Eureka Productions has produced over 160 hours of programming in less than three years including The Chefs’ Line and The Employables for SBS and The Single Wives for Seven Network as well as remakes of The Voice for Nine Network, Australian Spartan for Seven and Drunk History for Network Ten. Eureka is also producing series in the U.S. including projects for Animal Planet and Oxygen.
It will work alongside Lionsgate’s EVP and Head of Worldwide Alternative Programming Jennifer O’Connell, and Lionsgate’s President of International Television and Digital Distribution Peter Iacono, and their creative and distribution teams.
Lionsgate unscripted slate includes Kevin Hart: What the Fit for YouTube, Music City on CMT, Norm MacDonald Has A Show, which will launch on Netflix later this month, and You Kiddin’ Me, Kim Kardashian West-exec produced prank show for Facebook Watch.
The deal was brokered by Lionsgate’s UK exec Paula Warwick and Stephanie Sanet of Dembitzer & Dembitzer LLP on behalf of Eureka Productions.
Franklin and Culvenor said, “We’re delighted to be working with Lionsgate, a visionary leader in the development of creative ideas, for a broad range of networks and platforms. When it comes to unscripted content, U.S. and Australian audiences share very similar sensibilities and we’re looking forward to bringing Lionsgate’s growing catalogue of formats to Australia.”
“We’re delighted to partner with world-class developers and producers Paul and Chris to bring our premium unscripted series to Australia,” said Lionsgate’s O’Connell. “Our diverse content will have great appeal in this territory as we continue to expand our nonfiction television business globally.”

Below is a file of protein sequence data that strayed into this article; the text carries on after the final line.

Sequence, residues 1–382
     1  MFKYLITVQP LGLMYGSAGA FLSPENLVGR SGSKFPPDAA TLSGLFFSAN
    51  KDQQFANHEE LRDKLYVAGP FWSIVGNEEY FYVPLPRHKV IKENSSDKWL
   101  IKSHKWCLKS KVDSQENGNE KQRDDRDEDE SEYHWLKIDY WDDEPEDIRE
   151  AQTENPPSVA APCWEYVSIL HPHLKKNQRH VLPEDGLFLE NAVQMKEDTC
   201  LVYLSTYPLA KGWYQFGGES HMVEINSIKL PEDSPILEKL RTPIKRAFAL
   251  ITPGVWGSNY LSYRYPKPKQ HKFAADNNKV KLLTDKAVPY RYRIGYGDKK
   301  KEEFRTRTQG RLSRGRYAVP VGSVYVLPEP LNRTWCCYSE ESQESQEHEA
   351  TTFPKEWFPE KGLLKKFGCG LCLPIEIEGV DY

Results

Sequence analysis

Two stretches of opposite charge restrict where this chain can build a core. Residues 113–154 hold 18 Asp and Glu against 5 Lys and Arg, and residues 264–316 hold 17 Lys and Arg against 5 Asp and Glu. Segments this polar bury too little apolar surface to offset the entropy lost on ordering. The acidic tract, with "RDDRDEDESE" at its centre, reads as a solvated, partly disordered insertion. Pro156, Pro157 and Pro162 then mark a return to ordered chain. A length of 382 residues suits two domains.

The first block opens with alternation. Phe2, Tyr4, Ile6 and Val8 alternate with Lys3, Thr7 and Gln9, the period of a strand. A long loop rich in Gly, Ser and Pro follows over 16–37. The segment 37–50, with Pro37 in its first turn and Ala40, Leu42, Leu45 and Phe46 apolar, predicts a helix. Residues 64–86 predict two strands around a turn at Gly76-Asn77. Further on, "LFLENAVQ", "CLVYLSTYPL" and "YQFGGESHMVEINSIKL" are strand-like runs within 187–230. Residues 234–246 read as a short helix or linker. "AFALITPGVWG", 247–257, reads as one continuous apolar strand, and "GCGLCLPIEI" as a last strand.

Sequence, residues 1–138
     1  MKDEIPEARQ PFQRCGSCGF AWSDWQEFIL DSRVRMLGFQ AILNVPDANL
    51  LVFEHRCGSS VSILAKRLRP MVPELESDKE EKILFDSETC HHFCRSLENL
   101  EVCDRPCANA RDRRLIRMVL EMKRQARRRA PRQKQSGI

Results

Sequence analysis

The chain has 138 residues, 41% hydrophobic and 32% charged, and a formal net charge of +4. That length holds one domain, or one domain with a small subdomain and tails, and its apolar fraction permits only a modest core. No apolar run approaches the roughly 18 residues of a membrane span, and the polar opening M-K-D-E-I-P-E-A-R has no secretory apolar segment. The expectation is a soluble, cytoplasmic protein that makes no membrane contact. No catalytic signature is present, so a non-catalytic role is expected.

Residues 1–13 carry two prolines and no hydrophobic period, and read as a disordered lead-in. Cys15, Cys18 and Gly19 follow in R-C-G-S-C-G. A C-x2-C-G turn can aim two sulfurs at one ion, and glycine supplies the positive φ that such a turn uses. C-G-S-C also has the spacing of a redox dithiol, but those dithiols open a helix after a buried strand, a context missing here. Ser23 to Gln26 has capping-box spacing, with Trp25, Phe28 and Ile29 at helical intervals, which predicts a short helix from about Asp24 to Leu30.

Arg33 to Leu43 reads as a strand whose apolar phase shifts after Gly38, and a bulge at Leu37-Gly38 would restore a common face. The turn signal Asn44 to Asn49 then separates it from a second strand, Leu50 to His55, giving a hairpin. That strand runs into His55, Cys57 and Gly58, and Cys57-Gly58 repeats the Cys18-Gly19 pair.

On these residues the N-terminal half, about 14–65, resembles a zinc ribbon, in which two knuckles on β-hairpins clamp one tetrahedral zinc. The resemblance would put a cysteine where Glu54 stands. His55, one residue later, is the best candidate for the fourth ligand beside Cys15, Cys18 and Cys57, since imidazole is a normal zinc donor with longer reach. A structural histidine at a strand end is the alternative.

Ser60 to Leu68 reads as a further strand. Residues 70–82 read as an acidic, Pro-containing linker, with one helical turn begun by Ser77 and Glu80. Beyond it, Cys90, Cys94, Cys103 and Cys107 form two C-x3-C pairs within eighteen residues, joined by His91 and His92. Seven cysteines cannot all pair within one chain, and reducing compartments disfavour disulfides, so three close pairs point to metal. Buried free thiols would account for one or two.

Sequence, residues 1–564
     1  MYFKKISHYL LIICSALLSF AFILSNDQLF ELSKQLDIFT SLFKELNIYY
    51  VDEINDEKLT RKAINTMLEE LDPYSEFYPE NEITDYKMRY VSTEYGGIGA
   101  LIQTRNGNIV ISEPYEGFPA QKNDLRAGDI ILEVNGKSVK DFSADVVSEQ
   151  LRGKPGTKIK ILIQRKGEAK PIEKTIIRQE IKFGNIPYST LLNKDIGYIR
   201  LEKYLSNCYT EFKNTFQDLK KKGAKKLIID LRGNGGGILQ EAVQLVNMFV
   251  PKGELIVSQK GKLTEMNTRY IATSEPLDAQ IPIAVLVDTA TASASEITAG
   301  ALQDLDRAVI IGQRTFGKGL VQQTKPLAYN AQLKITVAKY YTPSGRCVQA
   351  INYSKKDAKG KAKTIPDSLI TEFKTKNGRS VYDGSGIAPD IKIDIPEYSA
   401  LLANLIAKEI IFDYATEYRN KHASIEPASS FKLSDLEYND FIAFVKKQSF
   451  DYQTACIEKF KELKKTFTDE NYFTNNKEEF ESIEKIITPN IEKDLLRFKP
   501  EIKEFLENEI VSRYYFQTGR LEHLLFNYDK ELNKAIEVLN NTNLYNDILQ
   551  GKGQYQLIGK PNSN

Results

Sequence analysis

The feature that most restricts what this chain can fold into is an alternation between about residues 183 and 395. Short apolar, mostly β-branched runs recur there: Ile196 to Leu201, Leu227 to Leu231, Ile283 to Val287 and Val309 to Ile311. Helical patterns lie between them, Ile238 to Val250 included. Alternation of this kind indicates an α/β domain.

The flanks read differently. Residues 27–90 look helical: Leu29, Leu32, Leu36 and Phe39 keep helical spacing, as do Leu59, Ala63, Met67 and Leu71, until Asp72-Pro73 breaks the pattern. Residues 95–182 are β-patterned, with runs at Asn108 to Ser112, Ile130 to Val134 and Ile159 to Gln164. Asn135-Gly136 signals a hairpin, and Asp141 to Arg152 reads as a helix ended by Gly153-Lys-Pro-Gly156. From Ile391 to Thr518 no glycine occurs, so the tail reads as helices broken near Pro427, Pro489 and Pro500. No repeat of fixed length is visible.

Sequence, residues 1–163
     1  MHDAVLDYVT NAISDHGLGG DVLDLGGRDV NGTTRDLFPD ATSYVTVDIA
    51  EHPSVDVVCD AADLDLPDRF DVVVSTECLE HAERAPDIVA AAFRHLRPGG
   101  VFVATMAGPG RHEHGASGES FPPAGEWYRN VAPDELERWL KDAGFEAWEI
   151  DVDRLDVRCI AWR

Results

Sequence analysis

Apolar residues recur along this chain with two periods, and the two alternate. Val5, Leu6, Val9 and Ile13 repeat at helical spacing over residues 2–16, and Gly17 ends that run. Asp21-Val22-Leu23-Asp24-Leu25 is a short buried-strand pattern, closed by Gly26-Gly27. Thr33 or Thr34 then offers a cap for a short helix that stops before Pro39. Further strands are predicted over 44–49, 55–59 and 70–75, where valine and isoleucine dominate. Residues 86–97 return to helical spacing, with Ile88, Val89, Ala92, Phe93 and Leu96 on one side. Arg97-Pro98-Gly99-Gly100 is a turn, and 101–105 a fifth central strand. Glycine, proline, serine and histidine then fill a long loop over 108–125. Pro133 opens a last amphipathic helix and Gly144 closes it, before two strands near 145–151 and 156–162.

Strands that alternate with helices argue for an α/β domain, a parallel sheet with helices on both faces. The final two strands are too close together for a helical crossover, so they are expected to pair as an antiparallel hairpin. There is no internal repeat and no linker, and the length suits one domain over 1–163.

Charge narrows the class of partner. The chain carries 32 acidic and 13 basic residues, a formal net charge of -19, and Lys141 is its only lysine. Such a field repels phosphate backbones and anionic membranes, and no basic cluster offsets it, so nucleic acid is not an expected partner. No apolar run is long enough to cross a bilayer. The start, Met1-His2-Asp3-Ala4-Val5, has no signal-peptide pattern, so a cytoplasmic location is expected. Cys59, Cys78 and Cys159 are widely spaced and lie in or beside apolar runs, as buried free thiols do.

Iacono added, “Paul and Chris have exemplary track records and key relationships in the development, production, and distribution of highly successful, non-scripted television in Australia. Our new affiliation will enable us to extend our existing formats and create new formats to bring back to the U.S. and other international territories.”
full article here:
In the business of self-growth
By Justin Burke
august 24, 2018
The Employables investigates how to turn business ideas into start-ups for the most marginalised group of jobseekers.
My first reaction on hearing the conceit for The Employables was fear on behalf of the participants.
The fact of the exploitation of vulnerable people in reality and factual series isn’t news, and SBS hasn’t been immune from such criticism, as was levelled at Struggle Street. (Although the recent episode of You Can’t Ask That on ABC suggested many former reality contestants would happily go again — even the guy from Sylvania Waters.)